It is important for us to realize that the ten years of Naomi’s life in Moab are described in that very first chapter, whereas it takes the next three chapters to detail the crucial events in Israel of only three months duration: from the beginning of the barley harvest to the end of the wheat harvest. These three months prepare the stage for Jewish eternity!
Secondly, according to the Midrash (B.T. Megillah 11a), the Scroll of Esther describes Jews who have the opportunity to return to Judea but opt to remain in the “diaspora;” Ahasverosh was King of Persia immediately following Cyrus, who conquered Babylon and permitted the exiled Jews to return to their homeland and rebuild their Temple. Esther may have even changed her name from the Hebrew “Hadassah” to the more Persian “Esther” (probably from the Persian word for star, and the Persian goddess Astarte).
In the Scroll of Ruth, however, the text makes fairly short shrift of the sons of Elimelekh, who leave Bethlehem (Lit. “House of Bread”) for the falsely glittering fields of Moab (lit. “from father” – a reminder of a Biblical act of incest between Lot and his daughter); their names, Makhlon (illness) and Kilyon (destruction) succinctly sum up their galut experience of assimilation and intermarriage.
The remaining three quarters of the book tell of Naomi’s return to her homeland, and of the triumph she eventually experiences there as the “ancestor” of the Messiah David. In short, the Scroll of Ruth is the record of Jews who leave their exiled status and return to Israel.
Thirdly, the Scroll of Esther tells the story of a Jewess in exile who is forced to forsake the home of her relative Mordecai (cousin, uncle, nephew, husband?) and live with a Gentile King in order to save her people; moreover, the salvation she achieves is only temporary, with the Talmud ruling that we don’t even recite Hallel on Purim since we still remained slaves of Ahasverosh even after Haman’s demise (B.T. Megillah 14). The Scroll of Ruth, on the other hand, tells the story of a Gentile Moabite who becomes a Jewess-by-choice, how she journeys to Israel to live with her Jewish mother-in-law, and enters the royal family of Judah when she marries Boaz; moreover, she becomes the progenitrix of ultimate Jewish salvation through the eventual descendant of her great-grandson, David.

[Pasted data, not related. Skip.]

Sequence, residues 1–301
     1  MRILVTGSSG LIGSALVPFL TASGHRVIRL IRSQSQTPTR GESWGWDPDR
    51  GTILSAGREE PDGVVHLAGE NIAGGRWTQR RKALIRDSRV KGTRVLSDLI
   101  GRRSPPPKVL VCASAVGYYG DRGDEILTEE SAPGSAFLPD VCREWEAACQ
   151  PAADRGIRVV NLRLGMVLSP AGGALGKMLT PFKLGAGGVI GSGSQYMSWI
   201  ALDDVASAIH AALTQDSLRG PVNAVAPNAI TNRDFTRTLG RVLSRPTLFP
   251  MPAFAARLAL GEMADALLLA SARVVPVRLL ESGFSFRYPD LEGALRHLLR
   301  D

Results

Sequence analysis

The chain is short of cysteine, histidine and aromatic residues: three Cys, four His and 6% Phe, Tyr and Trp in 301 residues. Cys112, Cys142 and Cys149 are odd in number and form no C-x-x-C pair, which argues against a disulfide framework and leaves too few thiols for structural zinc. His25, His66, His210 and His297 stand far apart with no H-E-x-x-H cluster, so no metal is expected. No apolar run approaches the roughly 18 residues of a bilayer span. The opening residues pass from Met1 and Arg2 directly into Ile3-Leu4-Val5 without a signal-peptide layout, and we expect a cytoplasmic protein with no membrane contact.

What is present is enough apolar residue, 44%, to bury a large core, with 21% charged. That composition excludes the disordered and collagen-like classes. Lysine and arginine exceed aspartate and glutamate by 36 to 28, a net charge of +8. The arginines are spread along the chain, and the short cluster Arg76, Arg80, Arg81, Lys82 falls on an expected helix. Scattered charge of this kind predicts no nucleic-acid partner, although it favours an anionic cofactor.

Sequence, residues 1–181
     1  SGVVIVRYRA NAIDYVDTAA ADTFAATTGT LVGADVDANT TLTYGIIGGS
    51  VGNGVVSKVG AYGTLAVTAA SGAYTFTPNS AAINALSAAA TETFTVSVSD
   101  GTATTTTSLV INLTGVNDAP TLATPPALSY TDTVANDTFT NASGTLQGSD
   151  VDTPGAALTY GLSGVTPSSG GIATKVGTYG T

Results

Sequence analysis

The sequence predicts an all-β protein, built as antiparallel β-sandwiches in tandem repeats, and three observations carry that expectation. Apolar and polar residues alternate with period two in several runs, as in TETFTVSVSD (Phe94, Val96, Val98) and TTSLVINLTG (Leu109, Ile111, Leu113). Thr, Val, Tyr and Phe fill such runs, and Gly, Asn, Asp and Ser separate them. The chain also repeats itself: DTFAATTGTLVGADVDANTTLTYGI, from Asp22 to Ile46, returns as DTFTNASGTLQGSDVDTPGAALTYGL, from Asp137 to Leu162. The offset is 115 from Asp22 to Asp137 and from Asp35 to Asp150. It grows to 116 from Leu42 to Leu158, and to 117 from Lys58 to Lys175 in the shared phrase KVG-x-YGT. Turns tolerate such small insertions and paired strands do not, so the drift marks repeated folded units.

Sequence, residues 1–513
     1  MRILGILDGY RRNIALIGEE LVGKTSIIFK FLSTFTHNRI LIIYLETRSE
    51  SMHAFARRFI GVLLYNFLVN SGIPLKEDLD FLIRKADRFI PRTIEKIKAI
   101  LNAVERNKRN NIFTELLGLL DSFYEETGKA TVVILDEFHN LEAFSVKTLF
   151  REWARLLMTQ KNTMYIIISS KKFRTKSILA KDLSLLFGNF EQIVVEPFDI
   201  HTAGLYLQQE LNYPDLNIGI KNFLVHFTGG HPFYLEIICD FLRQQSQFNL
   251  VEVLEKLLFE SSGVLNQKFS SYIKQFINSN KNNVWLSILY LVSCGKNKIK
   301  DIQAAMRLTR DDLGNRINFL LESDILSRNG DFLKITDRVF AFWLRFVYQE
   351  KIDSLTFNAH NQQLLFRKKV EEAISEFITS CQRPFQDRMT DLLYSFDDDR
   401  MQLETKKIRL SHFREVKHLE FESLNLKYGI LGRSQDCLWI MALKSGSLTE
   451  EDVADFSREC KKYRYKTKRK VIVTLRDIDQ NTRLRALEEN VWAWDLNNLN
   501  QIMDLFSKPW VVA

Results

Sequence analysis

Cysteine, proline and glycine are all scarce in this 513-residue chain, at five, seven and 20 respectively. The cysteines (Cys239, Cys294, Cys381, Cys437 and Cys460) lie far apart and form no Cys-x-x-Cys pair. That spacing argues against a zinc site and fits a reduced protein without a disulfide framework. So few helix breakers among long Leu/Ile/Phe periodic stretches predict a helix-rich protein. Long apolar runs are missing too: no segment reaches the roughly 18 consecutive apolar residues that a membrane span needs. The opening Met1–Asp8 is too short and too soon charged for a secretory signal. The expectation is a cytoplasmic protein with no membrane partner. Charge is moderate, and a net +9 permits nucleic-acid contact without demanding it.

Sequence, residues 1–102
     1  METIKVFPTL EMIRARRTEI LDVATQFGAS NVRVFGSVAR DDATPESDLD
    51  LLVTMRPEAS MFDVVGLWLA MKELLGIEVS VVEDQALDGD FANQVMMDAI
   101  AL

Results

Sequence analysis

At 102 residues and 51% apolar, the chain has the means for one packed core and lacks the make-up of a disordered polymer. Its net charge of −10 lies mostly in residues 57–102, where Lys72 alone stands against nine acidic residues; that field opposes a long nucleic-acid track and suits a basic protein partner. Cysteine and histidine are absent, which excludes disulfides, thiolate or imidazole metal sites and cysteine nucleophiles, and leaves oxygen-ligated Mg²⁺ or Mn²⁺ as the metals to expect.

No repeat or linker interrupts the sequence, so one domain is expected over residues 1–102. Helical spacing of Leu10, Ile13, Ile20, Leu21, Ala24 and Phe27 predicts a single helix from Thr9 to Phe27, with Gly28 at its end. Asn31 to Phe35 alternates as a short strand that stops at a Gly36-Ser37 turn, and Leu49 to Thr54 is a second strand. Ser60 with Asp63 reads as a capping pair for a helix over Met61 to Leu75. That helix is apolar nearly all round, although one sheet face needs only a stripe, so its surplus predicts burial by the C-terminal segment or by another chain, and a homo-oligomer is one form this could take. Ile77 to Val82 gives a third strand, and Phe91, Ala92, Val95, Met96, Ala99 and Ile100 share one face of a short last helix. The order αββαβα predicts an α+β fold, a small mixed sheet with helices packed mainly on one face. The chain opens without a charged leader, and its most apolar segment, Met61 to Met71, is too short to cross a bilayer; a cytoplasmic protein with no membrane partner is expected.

Finally, the manner in which we celebrate Purim is by drinking until “we can no longer distinguish between praising Mordecai and cursing Haman, perhaps because it was the arch anti-Semite Amalekite Haman who forcibly reminded the assimilating Jews of Persia that they were, after all, Jews; nevertheless, such raucous celebration is certainly not identified with the way in which our Sages generally asked us to celebrate. Shavuot, however, is celebrated by our bringing first fruits to the Temple singing praises to God and staying up all night studying Torah.It seems that true Jewish piety, Jewish future and eternal Jewish salvation can only come out of Zion! Apparently, even a celebration of galut survival must depend upon the temporary “high” of inebriating beverages, whereas a Festival of Jerusalem brings us to the supernal “heights” of our eternal Torah – for even Torah has its first fruits, through which we glimpse our redemption